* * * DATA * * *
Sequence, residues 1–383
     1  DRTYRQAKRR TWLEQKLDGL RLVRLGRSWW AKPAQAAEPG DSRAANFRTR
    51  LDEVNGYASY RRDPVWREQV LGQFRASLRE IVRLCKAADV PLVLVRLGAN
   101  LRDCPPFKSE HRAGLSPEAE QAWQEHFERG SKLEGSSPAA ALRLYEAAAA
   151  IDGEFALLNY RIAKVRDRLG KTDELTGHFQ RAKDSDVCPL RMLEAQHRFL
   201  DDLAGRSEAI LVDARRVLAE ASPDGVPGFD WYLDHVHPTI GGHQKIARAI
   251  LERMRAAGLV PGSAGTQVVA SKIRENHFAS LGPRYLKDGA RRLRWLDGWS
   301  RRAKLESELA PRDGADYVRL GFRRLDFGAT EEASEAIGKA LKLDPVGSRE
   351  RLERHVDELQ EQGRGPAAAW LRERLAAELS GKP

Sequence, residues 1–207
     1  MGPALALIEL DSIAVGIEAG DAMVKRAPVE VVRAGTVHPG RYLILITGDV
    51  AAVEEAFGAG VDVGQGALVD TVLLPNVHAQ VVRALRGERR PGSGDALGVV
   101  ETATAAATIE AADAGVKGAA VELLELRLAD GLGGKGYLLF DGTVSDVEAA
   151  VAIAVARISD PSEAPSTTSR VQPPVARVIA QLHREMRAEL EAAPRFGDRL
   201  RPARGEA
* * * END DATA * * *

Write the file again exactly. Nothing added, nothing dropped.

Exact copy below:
Sequence, residues 1–383
     1  DRTYRQAKRR TWLEQKLDGL RLVRLGRSWW AKPAQAAEPG DSRAANFRTR
    51  LDEVNGYASY RRDPVWREQV LGQFRASLRE IVRLCKAADV PLVLVRLGAN
   101  LRDCPPFKSE HRAGLSPEAE QAWQEHFERG SKLEGSSPAA ALRLYEAAAA
   151  IDGEFALLNY RIAKVRDRLG KTDELTGHFQ RAKDSDVCPL RMLEAQHRFL
   201  DDLAGRSEAI LVDARRVLAE ASPDGVPGFD WYLDHVHPTI GGHQKIARAI
   251  LERMRAAGLV PGSAGTQVVA SKIRENHFAS LGPRYLKDGA RRLRWLDGWS
   301  RRAKLESELA PRDGADYVRL GFRRLDFGAT EEASEAIGKA LKLDPVGSRE
   351  RLERHVDELQ EQGRGPAAAW LRERLAAELS GKP

Sequence, residues 1–207
     1  MGPALALIEL DSIAVGIEAG DAMVKRAPVE VVRAGTVHPG RYLILITGDV
    51  AAVEEAFGAG VDVGQGALVD TVLLPNVHAQ VVRALRGERR PGSGDALGVV
   101  ETATAAATIE AADAGVKGAA VELLELRLAD GLGGKGYLLF DGTVSDVEAA
   151  VAIAVARISD PSEAPSTTSR VQPPVARVIA QLHREMRAEL EAAPRFGDRL
   201  RPARGEA